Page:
4 Simple Steps To Relume Watch Hands

 In Tutorials, Watchmaking

The majority of vintage watch collectors like their watches as original as possible. I’m one of them. But sometimes I like to make an exception. For example, when there’s almost no original lume left or when someone else already tried to relume the hands and failed (miserably). Read about one of those exceptions here.

In those cases, I do like to relume watch hands. That’s a personal preference. Of course, I always discuss the possibilities with the owner if the watch isn’t mine.

This article is for those who agree with me that sometimes reluming is a necessary evil.

Which luminous compound?

Luminous compound is available in 2 kinds. Pre-mixed and in kits where you’ll have to mix the powder with a varnish and a thinner.

I prefer to use the pre-mixed kind. For me, it’s exactly the right thickness and color.

I’ve bought from Watchlume and from Cousins UK. Watchlume carries some pre-mixed colors and Cousins UK only sells kits.

Syringes with one basic color and one to mix a vintage color with. I sometimes mix it with a pigment powder for a specific color

With a kit, you’re more flexible. You’ll be able to mix the luminous compound in the exact color and consistency that you want. The kits come with lume powder in different colors.

I always buy a natural or classic white color. Make sure that the lume that you buy isn’t “dentist white” because that’s too bright.

If there’s any lume on the dial you should try to recreate that color and relume the hands in that color as well.

You can mix luminous compound with pigment powders, model kit paint and even nail polish to mix the exact color you need.

What do you need?

  • Tray with dust cover
  • Fiberglass brush
  • Painter’s tape
  • Mixing bowl
  • Toothpicks
  • Old oiler
  • Luminous compound

  1. Remove the old lume

    Remove the old luminous compound (if there’s any left). You can do that with a toothpick or with a blunt needle. When you’ve cleared most of it, use the fiberglass brush to remove all.

    It might be obvious but you need to clean the hands upside down. This way you don’t damage the sides that face you when you wear the watch.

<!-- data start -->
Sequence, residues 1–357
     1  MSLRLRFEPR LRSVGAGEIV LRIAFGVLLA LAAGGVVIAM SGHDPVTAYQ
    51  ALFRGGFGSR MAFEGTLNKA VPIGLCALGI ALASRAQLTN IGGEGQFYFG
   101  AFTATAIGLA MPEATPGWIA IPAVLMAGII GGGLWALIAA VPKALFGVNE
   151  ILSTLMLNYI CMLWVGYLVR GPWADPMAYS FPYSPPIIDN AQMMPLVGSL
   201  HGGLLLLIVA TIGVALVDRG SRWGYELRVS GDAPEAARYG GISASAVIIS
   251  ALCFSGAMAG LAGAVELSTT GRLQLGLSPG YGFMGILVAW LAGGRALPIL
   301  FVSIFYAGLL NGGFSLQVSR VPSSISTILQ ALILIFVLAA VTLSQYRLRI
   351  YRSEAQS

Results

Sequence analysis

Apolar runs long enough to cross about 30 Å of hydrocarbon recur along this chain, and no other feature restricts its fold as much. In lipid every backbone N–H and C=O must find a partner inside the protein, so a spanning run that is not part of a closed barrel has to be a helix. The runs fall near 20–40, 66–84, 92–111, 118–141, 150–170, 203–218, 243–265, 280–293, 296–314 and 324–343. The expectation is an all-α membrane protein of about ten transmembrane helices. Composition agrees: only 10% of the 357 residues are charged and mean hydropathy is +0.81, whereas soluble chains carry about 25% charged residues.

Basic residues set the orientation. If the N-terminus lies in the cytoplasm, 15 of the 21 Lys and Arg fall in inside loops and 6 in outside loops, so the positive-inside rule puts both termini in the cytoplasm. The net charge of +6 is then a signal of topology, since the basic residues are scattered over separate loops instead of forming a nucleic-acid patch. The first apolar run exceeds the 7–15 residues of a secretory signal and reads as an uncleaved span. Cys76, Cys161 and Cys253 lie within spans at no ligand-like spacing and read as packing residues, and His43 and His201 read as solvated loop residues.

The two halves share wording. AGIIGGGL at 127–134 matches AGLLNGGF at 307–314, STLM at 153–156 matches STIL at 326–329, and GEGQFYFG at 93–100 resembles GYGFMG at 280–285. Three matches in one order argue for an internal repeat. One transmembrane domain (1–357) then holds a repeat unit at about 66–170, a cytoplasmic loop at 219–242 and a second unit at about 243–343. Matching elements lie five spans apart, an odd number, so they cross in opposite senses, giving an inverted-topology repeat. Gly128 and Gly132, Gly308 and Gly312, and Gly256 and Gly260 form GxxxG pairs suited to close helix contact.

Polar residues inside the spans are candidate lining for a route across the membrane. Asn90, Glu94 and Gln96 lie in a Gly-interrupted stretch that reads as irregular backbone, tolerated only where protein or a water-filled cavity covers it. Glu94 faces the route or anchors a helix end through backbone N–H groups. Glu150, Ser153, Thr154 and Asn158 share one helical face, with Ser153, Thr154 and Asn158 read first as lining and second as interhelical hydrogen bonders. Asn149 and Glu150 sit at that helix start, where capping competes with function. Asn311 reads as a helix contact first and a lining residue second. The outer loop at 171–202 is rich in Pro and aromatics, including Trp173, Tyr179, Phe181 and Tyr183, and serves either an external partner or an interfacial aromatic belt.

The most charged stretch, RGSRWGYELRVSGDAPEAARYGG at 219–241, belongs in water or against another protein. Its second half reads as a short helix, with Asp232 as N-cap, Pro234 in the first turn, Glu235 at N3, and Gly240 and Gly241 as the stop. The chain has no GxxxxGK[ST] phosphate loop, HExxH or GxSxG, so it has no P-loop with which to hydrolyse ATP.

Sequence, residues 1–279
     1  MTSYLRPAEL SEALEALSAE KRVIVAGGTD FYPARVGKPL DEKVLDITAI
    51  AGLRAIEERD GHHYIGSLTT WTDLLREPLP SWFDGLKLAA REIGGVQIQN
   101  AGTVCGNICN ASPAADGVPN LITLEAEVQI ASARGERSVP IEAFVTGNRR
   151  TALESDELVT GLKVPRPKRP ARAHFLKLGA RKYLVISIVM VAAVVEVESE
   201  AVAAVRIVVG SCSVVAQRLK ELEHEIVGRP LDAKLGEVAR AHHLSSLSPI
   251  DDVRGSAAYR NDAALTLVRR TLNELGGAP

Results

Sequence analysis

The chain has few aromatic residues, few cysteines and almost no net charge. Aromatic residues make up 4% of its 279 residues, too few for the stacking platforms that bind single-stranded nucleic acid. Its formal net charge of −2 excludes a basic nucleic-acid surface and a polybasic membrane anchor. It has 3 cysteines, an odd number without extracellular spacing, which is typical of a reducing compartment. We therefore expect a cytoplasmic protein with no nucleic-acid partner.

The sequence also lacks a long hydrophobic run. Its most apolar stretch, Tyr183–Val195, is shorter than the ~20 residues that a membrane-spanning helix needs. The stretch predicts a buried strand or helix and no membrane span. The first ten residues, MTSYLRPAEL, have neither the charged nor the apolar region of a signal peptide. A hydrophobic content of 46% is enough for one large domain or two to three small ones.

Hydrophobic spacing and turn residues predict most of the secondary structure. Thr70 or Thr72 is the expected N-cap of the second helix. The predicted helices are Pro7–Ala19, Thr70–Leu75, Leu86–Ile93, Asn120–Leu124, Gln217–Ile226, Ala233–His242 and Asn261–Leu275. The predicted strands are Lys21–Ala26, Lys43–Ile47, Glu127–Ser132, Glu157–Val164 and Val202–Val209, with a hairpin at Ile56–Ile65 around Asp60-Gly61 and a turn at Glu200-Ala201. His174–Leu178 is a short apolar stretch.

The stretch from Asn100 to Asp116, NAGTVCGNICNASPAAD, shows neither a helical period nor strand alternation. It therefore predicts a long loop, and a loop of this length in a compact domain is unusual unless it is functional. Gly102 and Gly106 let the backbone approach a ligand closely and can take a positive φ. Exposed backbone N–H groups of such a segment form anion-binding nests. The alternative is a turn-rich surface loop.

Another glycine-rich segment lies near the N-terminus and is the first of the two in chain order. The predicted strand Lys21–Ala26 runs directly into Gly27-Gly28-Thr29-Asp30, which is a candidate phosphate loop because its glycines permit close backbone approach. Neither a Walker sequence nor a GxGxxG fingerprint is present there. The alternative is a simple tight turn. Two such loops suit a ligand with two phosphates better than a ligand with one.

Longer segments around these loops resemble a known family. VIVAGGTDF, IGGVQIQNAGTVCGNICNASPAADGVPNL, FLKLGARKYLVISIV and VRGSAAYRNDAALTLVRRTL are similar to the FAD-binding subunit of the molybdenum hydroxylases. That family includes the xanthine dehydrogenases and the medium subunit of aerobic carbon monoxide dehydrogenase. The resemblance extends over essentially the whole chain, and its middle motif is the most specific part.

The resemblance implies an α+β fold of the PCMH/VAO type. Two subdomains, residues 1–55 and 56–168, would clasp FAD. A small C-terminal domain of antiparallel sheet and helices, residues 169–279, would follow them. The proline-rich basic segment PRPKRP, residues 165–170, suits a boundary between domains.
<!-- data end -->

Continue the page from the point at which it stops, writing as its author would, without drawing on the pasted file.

Older watches have radium lume on the dial and/or in the hands. Radium is radioactive and thus dangerous to handle. Some time during the 60s, all watch manufacturers switched to other materials like tritium. Tritium is also radioactive but its radiation doesn’t penetrate the skin.

    Be careful if you have an older watch with the original luminous compound. Only work in a well-ventilated room. Wear rubber gloves and a face mask.

    Afterward, wipe the area where you’ve been working down with a wet cloth.

  2. Mix the new lume

    Mix the new luminous compound. You can do this in a small ceramic bowl or something similar. Use a toothpick to mix the luminous to the desired color and thickness.

    Be careful to avoid little bubbles. These will disappear after you’ve relumed the hands. This will cause lighter spots or holes in the lime.

    Mix slowly and you’ll most likely avoid those bubbles.

  3. Relume the hands

    Fit the hands on 2 rolls of the painter’s tape. Relume the hands from the back with an old oiler. The capillary function will cause the hole in the hand to fill with lume and stick together without dripping.

    I apply 3 separate layers with some time to dry in between. Don’t take it too far because too much lume will cause the hands to touch. The minute hand will catch on the hour hand or a subdial hand will catch on the hour hand.

    Both events will stop the watch from running so it’s important to avoid applying it too thick.

  4. Let it dry

    Store the hands in a parts tray and use the dust cover. That way, dust doesn’t accumulate and stick to the lume while it’s drying.

    Leave the hands to dry overnight so you can safely refit the hands the next day.

Do you have any other tips on how to relume watch hands? Share them in the comments below.

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Showing 8 comments
  • Frank

    I press out a layer of Rodico and push the old radium lume into that, to remove it. Then, I fold over the Rodico sealing the old lume in, and throw it away. This way you avoid any radium dust in the air.

    • Ed

      I do the exact same thing. Use some old Rodico to trap the radium and dispose of it. I picked up an inexpensive dosimeter to check for radium on old watches. Some of them give off quite a bit (sets off the warning light/alarm on the dosimeter).

  • Bob Fate

    My Casio Divers watch, MTD1079, has lume at only the tips of the hour and minute hands, though there are voids in these hands almost down to the pivots. The watch is hard to read at night as the glowing tips get lost against the hour lumes on the dial. Would it make sense to have the hour and minute hands lumed in the voids to the pivots, or would it be too cost prohibitive? This is a $70 watch.

  • Jeff

    Any chance of having you relume a casio mdv106 dial and hands for me? Its new but lume on it is lacking big time…..

    • Melvin Hollenberg

      Hi Jeff,

      Sorry but I don’t have the time. Any independent watchmaker should be able to relume hands. Reluming a dial is something different though and I don’t think that many will take on the job, to be honest.

  • mach1

    Mix the compound with what, varnish, lacquer?

    • Melvin Hollenberg

      Yes with a varnish and you could use a thinner to delute it to the desired thickness.

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